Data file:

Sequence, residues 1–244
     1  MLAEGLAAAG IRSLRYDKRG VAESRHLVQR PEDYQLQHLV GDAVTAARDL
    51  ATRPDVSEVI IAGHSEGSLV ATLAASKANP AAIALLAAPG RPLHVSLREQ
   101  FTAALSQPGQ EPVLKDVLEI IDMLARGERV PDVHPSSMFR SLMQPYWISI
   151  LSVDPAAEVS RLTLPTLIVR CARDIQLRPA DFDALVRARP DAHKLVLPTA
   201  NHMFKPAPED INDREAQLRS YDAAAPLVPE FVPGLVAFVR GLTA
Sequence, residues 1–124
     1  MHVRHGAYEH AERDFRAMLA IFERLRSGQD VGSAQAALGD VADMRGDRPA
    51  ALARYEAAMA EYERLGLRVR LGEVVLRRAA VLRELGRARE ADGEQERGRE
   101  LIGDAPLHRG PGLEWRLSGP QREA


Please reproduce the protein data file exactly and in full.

Sequence, residues 1–244
     1  MLAEGLAAAG IRSLRYDKRG VAESRHLVQR PEDYQLQHLV GDAVTAARDL
    51  ATRPDVSEVI IAGHSEGSLV ATLAASKANP AAIALLAAPG RPLHVSLREQ
   101  FTAALSQPGQ EPVLKDVLEI IDMLARGERV PDVHPSSMFR SLMQPYWISI
   151  LSVDPAAEVS RLTLPTLIVR CARDIQLRPA DFDALVRARP DAHKLVLPTA
   201  NHMFKPAPED INDREAQLRS YDAAAPLVPE FVPGLVAFVR GLTA
Sequence, residues 1–124
     1  MHVRHGAYEH AERDFRAMLA IFERLRSGQD VGSAQAALGD VADMRGDRPA
    51  ALARYEAAMA EYERLGLRVR LGEVVLRRAA VLRELGRARE ADGEQERGRE
   101  LIGDAPLHRG PGLEWRLSGP QREA